Tens of thousands of government supporters marched on Wednesday to the Plaza de Mayo, the historic epicentre of popular demonstrations in Argentina, to express their support for President Alberto Fernández, three days after an adverse result last Sunday's midterm legislative elections.
The November 17 ‘Dia de la Militancia’ rally, called by social organisations, trade unions and sectors of the ruling Frente de Todos coalition, was a show of unity that gathered under the slogan "Todos unidos triunfaremos" (“We will triumph together”), a line from the famous Peronist march sung at party rallies.
Addressing the crowd from a stage in front of the Casa Rosada, President Fernández told those present that his administration is “starting a new stage of government” in a euphoric speech lasting around 20 minutes. He told supporters that his coalition is unified, dismissing rumours of tensions and called on the opposition to help him "mobilise the economy" and ensure Argentina's economic recovery.
Highlighting five key pieces of legislation that he wanted Congress to pass, Fernández called on the opposition to "speak" and "give their opinion," claiming that his government is “waiting to mobilise the economy.”
"There are five laws that are very important to me and that have to do with the future of Argentina,” he said, citing planned bills addressing hydrocarbons, the agricultural industry, rules on purchasing and producers, electromobility and the automotive industry," Fernández detailed.
In his address to the crowd, Fernández vowed to "guarantee that genuine employment is created," and said "education, public health and science and technology" would not be forgotten in the remainder of his term.
"There is a president and a vice-president [former president Cristina Fernández de Kirchner] who want to work in the same direction," said the president.
"Let us begin to put the nuances and differences on the table, so that we can reach [the next election in 2023] with all the strength we need," he concluded.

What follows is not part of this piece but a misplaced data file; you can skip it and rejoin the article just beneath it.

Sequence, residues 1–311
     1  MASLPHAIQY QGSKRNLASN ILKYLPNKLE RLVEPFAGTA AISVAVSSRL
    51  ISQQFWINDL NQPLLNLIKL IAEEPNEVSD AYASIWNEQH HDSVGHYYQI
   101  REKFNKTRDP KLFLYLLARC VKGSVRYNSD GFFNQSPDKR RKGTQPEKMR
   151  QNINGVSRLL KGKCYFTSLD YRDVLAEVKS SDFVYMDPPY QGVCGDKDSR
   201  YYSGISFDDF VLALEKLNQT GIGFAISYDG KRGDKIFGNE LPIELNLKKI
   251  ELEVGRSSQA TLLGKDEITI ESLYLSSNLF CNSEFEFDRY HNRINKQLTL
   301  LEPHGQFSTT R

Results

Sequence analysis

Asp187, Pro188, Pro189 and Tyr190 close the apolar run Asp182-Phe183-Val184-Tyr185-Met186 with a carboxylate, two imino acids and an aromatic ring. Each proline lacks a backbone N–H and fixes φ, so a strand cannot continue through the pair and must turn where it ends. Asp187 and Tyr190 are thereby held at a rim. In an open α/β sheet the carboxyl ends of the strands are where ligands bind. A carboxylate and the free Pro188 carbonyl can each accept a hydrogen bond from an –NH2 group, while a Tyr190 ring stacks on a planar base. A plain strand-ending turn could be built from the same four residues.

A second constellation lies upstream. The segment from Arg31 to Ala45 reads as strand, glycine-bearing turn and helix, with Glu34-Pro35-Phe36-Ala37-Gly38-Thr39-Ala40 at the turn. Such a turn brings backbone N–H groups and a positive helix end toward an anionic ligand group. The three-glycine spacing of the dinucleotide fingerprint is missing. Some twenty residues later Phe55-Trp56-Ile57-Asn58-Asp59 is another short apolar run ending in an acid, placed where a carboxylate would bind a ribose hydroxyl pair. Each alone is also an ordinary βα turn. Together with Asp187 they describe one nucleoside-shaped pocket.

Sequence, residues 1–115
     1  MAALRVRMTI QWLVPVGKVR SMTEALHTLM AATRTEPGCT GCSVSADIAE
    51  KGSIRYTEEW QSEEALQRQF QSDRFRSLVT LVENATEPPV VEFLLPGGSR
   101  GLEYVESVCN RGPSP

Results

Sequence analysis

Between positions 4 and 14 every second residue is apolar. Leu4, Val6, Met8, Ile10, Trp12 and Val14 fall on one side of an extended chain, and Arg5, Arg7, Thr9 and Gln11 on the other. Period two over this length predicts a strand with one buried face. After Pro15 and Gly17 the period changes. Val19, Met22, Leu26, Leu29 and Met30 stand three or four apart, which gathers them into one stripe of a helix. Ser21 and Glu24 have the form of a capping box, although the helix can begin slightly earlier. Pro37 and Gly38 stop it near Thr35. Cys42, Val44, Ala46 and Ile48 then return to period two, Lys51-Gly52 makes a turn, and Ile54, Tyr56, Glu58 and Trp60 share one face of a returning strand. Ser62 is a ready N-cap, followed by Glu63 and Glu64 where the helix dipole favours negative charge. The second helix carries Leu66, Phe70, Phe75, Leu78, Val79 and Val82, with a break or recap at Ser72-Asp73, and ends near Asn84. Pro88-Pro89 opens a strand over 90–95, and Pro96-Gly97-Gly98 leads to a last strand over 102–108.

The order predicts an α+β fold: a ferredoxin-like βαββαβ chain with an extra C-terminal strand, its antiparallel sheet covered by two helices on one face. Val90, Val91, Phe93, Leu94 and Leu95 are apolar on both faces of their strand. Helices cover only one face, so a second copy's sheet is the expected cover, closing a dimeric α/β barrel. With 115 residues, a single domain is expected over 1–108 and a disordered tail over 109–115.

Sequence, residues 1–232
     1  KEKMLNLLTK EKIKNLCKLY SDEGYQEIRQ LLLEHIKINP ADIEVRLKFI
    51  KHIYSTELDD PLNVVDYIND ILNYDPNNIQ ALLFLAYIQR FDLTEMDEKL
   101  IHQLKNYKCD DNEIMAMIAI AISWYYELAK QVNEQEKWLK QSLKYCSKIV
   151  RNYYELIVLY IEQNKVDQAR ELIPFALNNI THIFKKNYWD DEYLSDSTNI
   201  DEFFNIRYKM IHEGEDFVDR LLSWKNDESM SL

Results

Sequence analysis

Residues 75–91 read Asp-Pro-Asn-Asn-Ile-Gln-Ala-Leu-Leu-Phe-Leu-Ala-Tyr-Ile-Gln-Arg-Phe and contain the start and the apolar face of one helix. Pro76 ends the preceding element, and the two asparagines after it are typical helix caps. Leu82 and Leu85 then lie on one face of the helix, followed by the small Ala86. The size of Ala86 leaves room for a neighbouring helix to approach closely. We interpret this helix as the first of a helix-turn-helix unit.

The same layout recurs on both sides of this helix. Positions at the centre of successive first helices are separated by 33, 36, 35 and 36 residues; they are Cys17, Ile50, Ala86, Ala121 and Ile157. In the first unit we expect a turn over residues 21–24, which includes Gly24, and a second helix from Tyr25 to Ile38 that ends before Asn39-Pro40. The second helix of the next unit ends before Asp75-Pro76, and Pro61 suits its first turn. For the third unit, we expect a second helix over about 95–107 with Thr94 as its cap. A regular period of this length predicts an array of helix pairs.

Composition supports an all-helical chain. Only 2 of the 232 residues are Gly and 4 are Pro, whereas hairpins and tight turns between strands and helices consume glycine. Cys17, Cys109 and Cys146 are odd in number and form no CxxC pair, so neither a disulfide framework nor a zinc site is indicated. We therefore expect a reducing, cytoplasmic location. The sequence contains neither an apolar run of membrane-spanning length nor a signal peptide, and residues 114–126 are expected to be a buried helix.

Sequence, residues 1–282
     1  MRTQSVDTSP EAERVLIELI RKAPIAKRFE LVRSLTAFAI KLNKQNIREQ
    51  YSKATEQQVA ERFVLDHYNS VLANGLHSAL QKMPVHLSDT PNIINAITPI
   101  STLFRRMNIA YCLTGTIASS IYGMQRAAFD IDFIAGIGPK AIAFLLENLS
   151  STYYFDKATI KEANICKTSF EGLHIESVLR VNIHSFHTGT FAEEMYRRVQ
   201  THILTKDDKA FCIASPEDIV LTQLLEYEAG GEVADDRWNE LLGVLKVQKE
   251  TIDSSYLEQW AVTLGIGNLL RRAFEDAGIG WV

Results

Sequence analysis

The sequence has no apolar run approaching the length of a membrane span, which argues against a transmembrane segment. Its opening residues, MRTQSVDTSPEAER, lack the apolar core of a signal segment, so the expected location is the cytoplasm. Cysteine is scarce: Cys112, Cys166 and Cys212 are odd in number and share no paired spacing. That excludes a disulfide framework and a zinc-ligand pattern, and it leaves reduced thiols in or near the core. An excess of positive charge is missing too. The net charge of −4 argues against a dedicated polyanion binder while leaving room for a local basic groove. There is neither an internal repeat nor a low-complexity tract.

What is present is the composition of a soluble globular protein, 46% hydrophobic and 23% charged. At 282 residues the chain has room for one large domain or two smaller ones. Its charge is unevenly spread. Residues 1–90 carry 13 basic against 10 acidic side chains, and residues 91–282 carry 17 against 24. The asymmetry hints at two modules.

Not all sectors seemed to be on the same page, however, despite the remarks. According to multiple local outlets, the main leaders of the La Cámpra militant youth organisation, which is closely linked to Kirchnerism, marched together as a column, yet only arrived at the Plaza de Mayo after the president's speech had taken place. Party spokespeople put the error down to expectations that the president would begin his speech late.
The government has hailed its comeback performance in last Sunday’s vote as a “triumph,” highlighting its improved performance in relation to the September PASO primaries. In the midterms, the government won around 7.6 million votes nationwide, compared to 9.7 million for the opposition Juntos por el Cambio coalition.
Final results are yet to be fully confirmed, though with 98 percent polling stations reporting, the ruling coalition looks on track to lose its majority in the Senate, slipping to 35 seats – two short. It remains the largest bloc, however, in both the lower and upper house of Congress.
"In the PASO [primaries], the ballot boxes left us a message and we heard that message. We also heard the message in Sunday's elections. I am very clear that there is much to do and there are many who are waiting for this government to do much more – and we are going to do it," declared Fernández on Wednesday.